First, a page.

Rob: It was a smart move for us to use Wayne again after his successful start with us on The Blues And I Should Have A Party, our previous studio album.  A few years back, Wayne in fact had implied that he thought he could really enhance our music by raising the bar on the sound and production. He was dead right and we are absolutely thrilled with the result.  Wayne was familiar with our music and of course likewise; we had heard several albums he had produced, and were seduced by the cohesive and impressive production. It was very nice for us to pass the mixing baton on to someone we could trust.  Seeing a whole project through from start to finish ourselves is massively time consuming. Also we wanted to hear someone else’s take on our music. Andy Banfield at Superfly was fantastic to work with. He’s a top engineer and the studio has a great vibe. He has an unflustered and decisive manner, and as a result we were all very chilled.  We decided on arrangements and which takes to use ourselves. We track the music “live” to keep it vibrant and real, that’s probably what we do best. I’m very much of the feeling that what I play “in the moment” is the right thing. I’d say that most of the time I play my best on the first couple of takes. After that, the right side of the brain tends to take over too much. And I’m sure our keyboard player Pete Whittaker and drummer Paul Robinson are the same.  One day, resources permitting, I would like to have a go at taking more time over the recording process and being more clinical, if only to see what would happen.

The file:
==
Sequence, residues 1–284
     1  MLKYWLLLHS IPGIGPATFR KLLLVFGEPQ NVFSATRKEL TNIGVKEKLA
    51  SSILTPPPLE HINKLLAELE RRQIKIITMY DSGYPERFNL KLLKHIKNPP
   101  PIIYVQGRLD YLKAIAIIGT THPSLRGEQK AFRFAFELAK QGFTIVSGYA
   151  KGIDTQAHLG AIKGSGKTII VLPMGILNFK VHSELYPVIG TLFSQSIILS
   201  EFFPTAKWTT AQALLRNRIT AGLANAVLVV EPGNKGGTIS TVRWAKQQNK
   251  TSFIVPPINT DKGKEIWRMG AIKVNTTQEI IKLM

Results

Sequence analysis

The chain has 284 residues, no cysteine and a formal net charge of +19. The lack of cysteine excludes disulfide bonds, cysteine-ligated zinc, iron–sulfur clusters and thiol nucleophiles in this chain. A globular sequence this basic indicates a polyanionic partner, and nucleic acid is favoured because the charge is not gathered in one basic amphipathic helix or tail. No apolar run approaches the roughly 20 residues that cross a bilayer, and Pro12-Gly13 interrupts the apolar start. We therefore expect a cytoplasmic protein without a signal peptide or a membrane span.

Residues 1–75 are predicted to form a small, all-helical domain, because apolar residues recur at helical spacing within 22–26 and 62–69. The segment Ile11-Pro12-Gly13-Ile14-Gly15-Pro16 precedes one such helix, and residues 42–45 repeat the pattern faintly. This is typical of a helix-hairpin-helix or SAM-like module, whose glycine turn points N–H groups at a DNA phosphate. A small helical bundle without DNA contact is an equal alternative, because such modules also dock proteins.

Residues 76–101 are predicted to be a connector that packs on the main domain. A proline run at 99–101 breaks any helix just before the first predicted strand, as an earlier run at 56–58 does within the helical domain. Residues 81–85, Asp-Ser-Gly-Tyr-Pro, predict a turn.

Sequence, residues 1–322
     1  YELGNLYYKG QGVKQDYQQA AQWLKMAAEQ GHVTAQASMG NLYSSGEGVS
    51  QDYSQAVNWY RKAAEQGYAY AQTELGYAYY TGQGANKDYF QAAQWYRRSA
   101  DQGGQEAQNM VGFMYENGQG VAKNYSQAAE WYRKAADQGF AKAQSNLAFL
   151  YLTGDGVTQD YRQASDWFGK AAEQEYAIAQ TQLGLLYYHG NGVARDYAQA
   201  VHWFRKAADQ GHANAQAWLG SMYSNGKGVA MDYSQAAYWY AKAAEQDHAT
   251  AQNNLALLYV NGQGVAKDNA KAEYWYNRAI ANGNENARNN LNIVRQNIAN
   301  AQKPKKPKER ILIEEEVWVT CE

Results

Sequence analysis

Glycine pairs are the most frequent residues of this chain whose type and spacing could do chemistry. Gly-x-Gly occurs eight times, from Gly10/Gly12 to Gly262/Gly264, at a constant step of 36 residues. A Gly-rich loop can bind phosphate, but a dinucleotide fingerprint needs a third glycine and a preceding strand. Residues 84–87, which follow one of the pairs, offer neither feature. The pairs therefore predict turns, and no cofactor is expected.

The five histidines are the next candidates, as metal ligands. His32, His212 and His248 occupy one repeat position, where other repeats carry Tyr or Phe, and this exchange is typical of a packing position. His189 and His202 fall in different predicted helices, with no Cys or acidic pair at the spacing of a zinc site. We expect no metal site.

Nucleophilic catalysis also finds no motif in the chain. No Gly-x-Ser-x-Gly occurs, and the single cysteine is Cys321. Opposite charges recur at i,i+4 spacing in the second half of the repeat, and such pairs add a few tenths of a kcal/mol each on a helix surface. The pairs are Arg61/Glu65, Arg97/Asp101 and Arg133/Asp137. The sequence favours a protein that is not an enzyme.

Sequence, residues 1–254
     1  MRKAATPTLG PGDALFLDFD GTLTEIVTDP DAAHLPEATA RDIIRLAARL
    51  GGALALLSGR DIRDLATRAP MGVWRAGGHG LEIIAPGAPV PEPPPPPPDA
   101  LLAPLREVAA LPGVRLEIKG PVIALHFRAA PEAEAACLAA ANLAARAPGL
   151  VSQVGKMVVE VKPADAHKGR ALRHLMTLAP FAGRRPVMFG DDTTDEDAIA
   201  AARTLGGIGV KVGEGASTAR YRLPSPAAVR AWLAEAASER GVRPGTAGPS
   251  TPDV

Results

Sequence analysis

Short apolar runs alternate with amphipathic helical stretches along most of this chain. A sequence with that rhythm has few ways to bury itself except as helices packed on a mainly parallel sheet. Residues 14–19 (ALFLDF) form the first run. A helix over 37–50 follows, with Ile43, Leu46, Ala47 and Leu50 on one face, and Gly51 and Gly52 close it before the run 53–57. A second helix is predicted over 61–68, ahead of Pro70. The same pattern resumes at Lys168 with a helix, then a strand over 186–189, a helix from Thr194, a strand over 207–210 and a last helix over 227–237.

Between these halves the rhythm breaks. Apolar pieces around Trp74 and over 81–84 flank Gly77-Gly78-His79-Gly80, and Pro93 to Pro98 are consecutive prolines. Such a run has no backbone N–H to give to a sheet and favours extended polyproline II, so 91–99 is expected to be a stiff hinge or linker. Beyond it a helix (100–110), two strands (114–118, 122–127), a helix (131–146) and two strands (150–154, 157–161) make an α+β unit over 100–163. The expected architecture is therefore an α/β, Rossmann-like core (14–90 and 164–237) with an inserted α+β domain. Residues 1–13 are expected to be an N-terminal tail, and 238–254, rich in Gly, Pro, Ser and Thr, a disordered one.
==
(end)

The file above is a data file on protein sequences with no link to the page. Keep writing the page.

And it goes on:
Will you be choosing a single from this album yet? If so, it must be a difficult choice! My personal favorites are “Amazon Woman,” “Hello My Old Friend,” and “Tell Me.” But really they are all great songs.

Yes. Two, actually: “Hello My Old Friend” and “Amazon Woman.” We have got a couple of really great artistic videos to go with them.

Zoë, tell me about your musical relationship with Rob and how it works?